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Monday, 28 January 2013

#ECGclass Case 22

#ECG Class is an educational blog which runs alongside Twitter.
A new ECG "quizz" is launched most Monday evenings, in term time. 
Cases are generally aimed at Primary Care. 
All scenarios are completely fictitious and theoretical, but based on commonly occurring presentations in General Practice. 
This is an educational site, intended for healthcare professionals and shouldn't be construed as patient advice. 

Please use the Hashtag #ECGclass on Twitter, if you want to ask the patient any questions, or request any further investigations. Alternatively, please join in discussion and leave comments below.

Remember there are no right or wrong answers!  

ECG interpretation is often open to debate, and will usually evolve and change as new information becomes available.  Everyone's opinion is valid, and useful for others, as the evolution process takes place. 
Together we will try and form an interpretation based on the trace, and information, we have in front of us.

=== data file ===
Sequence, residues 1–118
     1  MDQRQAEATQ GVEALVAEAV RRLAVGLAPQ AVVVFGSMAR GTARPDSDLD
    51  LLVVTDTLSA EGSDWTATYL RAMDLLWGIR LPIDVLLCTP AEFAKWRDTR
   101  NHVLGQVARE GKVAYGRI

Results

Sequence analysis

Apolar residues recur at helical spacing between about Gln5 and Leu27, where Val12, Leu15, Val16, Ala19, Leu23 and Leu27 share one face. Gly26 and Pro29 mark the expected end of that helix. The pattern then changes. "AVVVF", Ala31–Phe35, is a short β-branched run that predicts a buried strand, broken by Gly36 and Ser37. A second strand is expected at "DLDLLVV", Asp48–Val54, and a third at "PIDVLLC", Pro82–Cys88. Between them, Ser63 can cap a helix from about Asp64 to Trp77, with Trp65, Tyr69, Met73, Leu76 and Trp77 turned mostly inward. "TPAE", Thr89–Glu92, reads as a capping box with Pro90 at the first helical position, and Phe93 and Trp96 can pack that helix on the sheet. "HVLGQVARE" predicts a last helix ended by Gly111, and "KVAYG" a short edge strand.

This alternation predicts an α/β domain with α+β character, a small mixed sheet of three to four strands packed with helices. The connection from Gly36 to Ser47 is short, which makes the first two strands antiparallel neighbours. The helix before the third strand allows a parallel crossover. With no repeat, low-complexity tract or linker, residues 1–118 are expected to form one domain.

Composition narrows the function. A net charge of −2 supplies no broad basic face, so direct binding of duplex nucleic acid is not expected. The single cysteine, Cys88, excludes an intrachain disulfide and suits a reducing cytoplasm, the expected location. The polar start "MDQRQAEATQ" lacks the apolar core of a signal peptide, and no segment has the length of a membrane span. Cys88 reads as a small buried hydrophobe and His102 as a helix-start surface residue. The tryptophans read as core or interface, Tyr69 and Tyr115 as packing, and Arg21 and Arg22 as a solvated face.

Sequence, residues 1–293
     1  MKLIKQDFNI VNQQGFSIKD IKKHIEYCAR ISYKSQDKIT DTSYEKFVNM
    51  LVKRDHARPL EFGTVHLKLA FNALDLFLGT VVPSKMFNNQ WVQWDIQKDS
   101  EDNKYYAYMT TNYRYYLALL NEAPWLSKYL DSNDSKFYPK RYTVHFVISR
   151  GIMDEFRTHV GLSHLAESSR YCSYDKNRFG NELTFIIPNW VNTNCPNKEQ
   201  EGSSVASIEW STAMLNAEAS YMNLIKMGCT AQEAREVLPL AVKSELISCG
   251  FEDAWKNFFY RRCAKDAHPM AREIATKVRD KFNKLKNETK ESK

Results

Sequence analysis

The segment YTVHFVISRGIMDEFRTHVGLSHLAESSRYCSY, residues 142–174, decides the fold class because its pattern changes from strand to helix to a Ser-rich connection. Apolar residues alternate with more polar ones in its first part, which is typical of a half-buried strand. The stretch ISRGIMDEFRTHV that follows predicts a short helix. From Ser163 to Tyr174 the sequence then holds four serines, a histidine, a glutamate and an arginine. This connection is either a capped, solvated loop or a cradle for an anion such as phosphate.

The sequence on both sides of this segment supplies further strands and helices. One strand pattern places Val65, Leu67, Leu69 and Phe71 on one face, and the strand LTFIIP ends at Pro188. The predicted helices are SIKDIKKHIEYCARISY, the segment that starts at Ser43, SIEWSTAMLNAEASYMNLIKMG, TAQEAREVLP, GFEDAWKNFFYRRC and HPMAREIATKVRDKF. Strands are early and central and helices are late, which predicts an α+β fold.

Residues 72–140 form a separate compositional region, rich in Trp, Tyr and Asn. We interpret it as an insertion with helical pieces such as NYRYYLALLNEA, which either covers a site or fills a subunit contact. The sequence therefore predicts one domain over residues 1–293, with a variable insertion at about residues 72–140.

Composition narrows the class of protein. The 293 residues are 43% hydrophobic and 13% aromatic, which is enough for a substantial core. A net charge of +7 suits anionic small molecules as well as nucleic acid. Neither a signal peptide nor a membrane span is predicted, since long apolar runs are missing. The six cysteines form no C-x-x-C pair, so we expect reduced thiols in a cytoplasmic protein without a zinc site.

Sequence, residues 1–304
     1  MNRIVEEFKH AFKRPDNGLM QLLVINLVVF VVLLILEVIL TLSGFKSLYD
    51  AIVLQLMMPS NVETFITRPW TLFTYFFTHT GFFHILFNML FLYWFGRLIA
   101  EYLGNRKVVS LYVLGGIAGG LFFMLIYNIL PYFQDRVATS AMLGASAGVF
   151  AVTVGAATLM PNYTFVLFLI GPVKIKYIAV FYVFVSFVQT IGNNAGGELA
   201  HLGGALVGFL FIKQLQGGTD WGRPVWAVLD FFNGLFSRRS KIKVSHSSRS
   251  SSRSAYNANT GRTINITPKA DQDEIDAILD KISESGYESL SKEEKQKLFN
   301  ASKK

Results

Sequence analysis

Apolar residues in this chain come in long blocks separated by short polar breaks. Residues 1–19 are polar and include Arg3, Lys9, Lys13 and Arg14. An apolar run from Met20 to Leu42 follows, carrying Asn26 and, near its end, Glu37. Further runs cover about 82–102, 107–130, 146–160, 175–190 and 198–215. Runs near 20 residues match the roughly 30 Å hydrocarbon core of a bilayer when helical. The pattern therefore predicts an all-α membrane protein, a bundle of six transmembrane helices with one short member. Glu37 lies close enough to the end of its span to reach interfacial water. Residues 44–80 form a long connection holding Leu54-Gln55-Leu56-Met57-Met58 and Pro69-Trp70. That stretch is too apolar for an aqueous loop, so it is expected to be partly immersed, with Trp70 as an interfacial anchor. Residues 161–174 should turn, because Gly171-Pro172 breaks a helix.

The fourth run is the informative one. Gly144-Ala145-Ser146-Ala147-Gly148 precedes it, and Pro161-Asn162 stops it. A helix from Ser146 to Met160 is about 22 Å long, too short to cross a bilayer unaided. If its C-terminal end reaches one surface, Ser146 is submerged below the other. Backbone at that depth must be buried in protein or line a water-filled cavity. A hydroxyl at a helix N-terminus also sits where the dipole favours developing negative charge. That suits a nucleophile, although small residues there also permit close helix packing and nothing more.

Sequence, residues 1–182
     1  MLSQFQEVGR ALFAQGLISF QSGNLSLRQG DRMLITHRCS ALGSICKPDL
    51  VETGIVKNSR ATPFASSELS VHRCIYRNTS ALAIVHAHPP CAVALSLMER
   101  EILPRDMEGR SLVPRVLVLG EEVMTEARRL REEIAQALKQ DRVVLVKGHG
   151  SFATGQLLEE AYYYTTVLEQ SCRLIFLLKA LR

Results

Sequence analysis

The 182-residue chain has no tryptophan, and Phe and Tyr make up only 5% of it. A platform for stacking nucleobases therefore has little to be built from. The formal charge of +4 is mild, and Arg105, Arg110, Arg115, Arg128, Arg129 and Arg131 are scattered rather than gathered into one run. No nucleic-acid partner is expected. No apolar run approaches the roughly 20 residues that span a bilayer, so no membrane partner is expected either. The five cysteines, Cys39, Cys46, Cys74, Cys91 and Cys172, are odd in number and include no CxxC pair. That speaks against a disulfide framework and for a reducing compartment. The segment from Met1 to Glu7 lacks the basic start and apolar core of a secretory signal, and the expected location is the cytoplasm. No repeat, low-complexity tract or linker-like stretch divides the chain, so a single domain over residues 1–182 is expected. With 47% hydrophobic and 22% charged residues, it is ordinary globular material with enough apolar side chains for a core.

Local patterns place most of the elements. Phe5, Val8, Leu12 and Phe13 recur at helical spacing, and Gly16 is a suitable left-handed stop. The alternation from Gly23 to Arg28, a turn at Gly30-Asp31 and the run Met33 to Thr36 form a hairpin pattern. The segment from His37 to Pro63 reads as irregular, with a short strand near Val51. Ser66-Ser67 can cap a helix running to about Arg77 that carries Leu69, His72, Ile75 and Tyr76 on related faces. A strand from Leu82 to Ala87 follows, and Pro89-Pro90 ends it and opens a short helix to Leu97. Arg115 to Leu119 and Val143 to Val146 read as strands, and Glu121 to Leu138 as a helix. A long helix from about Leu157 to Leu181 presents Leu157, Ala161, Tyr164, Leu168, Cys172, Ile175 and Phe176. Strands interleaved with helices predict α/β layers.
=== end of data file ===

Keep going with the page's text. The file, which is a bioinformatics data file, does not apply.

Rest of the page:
Don't worry if you disagree - shout up and share your thoughts - the diagnosis is often arguable on the basis of a 12 lead trace, and may only become more obvious when a longer rhythm strip is available. 

Please feel free to join in, but most important of all, have fun! :-)

Case 22

A 60yr old gentleman comes to see you with a persistently raised clinic blood pressure of 158/98 mmHg. You arrange Ambulatory BP monitoring (ABPM) which reveals a mean BP of 148/94 mmHg.

In accordance with the current NICE guidelines, you arrange bloods, urinalysis and ECG in order to assess any target organ damage. Cardiovascular examination is normal other than you notice a slight irregularity in his pulse. 

His bloods for FBC, TFT, U&E's, eGFR, glucose and lipid screen are all normal. 
He has no proteinuria. 
You calculate his 10yr cardiovascular risk to be 18%. 
His ECG trace is seen below. 

He denies any chest pains, dizziness or palpitations. In fact, he feels completely well. 



Q1. What does the ECG show?
Tip: Start with the P waves and ask yourself 3 questions :
Are they there? 
Are they consistent in morphology? 
Is the PR interval consistent and normal?

Q2. i) Does this ECG show LVH  ii) Are you going to offer BP medication?

When you've had a go,  you'll find the full discussion on the next blog!

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